Carlos Elizondo—Professor, Graduate School of Government and Public Transformation, Tecnológico de Monterrey

Lunch Conversation on the State of U.S.-Mexico Relations with Forum Co-Chairs Janet Napolitano and Alejandro Poiré, Moderated by Ron Brownstein (12:15–1:15 pm)

How can the U.S. and Mexico continue to forge a productive relationship that supports our shared history and culture and the continued flow of people and ideas between the two countries? Given the current political climate, how important is it to open new avenues for cross-border cooperation outside of traditional diplomacy? How can collaborations like the UC-Mexico Initiative serve as a model for new opportunities for bolstering deeper integration moving forward?

Janet Napolitano—President, University of California, Former U.S. Secretary, Department of Homeland Security and Former Governor, Arizona
Alejandro Poiré—Dean, School of Social Sciences and Government, Tecnológico de Monterrey

Ron Brownstein—Senior Editor, The Atlantic, and Senior Political Analyst, CNN

Panel III (1:20–2:15 pm)
Developing a Workforce for the Globalized Economy

Speakers will discuss opportunities for targeted workforce development in the globalized 21st century economy. The panel will explore the tension between international trade and the labor market and identify areas of the agreement that should be updated to support quality jobs in North America. They will also discuss local, state and federal policy options for supporting the “jobs of tomorrow” and further developing a global magnet for talent within the NAFTA countries.

Gerardo Esquivel—Professor, Economics, El Colegio de Mexico
Harley Shaiken—Professor, Education, UC Berkeley
Chris Smith—Vice President, Global Technology Office, AT&T Business Solutions – Global Public Sector
Senator Mark Warner—U.S. Senator, Virginia

Gustavo Merino—Regional Dean, School of Social Sciences and Government, Mexico City Region, Tecnológico de Monterrey

Panel IV (2:30–3:25 pm)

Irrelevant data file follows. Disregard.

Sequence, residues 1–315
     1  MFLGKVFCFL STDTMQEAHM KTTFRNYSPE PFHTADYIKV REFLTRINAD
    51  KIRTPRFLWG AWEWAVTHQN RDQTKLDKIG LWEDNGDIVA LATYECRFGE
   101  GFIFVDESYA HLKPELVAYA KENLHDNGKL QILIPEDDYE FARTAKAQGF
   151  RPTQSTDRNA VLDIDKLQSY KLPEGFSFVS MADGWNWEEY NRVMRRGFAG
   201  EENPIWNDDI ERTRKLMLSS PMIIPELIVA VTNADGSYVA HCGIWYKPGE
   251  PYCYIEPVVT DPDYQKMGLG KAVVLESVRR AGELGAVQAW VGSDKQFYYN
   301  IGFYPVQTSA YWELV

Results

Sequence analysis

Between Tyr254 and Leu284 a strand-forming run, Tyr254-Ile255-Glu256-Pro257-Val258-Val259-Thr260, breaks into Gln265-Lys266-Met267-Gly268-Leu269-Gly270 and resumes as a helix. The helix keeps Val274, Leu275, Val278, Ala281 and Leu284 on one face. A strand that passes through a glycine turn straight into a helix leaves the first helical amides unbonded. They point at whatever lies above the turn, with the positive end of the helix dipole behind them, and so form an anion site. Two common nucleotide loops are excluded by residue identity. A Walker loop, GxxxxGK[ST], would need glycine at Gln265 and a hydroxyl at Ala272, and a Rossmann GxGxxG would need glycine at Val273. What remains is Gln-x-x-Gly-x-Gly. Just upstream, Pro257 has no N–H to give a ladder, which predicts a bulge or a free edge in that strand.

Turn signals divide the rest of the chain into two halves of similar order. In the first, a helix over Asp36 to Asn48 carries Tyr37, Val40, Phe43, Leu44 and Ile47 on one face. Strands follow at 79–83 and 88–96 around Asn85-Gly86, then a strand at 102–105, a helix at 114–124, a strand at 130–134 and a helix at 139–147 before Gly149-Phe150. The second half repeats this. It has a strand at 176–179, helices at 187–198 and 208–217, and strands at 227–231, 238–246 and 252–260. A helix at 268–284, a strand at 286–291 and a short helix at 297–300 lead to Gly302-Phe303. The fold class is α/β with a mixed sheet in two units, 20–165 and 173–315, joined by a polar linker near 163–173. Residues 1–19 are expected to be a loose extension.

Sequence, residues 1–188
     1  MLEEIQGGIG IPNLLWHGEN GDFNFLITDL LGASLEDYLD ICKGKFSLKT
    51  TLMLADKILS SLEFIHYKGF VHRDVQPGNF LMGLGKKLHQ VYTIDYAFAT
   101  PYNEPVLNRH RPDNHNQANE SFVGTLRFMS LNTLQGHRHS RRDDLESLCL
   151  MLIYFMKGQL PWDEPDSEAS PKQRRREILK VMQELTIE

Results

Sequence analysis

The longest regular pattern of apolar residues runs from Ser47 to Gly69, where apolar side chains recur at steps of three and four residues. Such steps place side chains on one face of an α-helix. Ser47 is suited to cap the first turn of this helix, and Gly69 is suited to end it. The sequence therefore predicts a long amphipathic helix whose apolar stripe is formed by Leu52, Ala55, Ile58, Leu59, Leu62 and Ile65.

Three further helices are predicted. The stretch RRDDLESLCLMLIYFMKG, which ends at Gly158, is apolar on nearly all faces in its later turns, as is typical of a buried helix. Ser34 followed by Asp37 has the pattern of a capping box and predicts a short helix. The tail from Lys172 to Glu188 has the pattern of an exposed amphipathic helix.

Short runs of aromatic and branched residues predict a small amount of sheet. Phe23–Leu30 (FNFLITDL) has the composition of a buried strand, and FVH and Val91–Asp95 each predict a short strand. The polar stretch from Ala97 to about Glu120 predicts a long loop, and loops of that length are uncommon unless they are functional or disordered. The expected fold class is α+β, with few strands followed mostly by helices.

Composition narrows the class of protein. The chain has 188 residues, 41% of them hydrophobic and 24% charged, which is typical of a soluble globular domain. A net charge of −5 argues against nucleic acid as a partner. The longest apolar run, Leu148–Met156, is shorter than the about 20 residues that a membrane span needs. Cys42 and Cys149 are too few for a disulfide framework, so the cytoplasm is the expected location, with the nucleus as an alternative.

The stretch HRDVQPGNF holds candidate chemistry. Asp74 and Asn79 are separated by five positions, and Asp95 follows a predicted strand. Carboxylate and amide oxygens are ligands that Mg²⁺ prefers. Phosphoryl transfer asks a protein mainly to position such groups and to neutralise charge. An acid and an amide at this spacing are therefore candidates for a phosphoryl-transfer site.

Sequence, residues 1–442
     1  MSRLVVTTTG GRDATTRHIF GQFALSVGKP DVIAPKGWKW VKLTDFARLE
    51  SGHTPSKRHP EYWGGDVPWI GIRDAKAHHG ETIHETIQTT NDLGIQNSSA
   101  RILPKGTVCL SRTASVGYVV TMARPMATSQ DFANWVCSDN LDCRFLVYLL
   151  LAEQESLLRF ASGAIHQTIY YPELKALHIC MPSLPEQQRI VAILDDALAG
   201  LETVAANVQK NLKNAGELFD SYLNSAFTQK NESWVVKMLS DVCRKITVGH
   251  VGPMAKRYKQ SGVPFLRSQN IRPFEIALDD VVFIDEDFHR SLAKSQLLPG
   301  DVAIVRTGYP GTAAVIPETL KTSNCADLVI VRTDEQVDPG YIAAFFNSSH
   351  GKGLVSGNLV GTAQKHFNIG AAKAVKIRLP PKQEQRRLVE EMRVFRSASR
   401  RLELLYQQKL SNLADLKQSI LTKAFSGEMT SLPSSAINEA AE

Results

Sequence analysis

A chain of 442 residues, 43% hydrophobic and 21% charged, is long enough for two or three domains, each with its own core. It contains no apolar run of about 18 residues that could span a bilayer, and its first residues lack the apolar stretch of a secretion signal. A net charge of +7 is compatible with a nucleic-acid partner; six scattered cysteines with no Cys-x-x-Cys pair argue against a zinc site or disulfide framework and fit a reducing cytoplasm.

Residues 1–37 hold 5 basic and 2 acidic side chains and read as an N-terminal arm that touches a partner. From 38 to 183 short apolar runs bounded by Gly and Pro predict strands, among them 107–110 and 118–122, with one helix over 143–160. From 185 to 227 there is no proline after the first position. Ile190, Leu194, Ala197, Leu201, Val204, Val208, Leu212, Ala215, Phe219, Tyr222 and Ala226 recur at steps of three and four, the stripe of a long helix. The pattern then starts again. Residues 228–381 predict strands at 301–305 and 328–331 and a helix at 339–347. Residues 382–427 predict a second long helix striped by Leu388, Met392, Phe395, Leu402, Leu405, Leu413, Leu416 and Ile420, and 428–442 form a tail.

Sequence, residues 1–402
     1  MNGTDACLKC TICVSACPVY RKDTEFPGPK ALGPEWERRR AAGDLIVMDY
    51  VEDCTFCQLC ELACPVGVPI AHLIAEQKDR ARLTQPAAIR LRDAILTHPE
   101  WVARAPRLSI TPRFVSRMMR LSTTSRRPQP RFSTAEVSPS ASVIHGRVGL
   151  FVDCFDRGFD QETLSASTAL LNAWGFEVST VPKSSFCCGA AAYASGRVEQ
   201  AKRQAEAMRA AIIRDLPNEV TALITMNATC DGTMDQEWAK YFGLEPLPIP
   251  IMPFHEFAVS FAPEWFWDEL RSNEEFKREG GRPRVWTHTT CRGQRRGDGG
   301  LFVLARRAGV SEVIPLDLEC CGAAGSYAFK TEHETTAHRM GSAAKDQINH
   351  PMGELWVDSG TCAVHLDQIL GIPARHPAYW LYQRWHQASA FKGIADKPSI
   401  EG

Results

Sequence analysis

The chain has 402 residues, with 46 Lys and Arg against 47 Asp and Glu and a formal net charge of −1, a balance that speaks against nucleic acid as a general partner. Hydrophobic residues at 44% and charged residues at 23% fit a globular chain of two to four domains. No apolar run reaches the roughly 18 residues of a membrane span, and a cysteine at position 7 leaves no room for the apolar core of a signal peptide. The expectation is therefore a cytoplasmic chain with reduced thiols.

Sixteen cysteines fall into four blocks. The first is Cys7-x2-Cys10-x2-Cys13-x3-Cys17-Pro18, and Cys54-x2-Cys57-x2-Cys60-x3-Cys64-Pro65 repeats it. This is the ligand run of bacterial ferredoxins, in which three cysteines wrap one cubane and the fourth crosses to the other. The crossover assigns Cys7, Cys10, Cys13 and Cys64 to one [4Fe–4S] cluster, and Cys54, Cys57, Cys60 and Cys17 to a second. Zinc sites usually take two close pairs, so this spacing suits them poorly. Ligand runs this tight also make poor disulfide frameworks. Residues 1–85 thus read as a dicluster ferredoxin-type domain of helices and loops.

Nationalism vs. Regionalism in North America: What’s at Stake?

What are the spillovers from the U.S.-Mexico economic relationship into other areas of cooperation such as diplomacy and security? What must be done to manage the emergence of nationalism in North America? What kind of trade agreements and diplomatic efforts must we pursue to keep an atmosphere of partnership in our region?

David Aguilar—Principal, Global Security and Innovative Strategies, and Former Commissioner, U.S. Customs and Border Protection
Rafael Fernández de Castro—Director, Center for U.S.-Mexican Studies, UC San Diego
Diana Villiers Negroponte—Public Policy Fellow, Wilson Center

Antonio Ortiz-Mena—Senior Advisor, Albright Stonebridge Group

Panel V (3:30–4:15 pm)
The California-Mexico Relationship

While the debate over the future of NAFTA takes place in Washington, U.S. trade with Mexico is largely defined by specialization at the regional, state and city levels. California and the Western region have a unique perspective on what may be gained and lost in changes to the U.S.-Mexico trade relationship, especially related to agriculture and manufacturing. This panel explores the importance of trade to the future of the dynamic Western U.S.-Mexico relationship.

Kevin de León—California Senate President Pro Tempore
Maria Echaveste—Co-founder and Senior Advisor, Nueva Vista Group
Ambassador Gerónimo Gutiérrez—Ambassador of Mexico to the United States

Janet Napolitano—President, University of California, Former U.S. Secretary, Department of Homeland Security and Former Governor, Arizona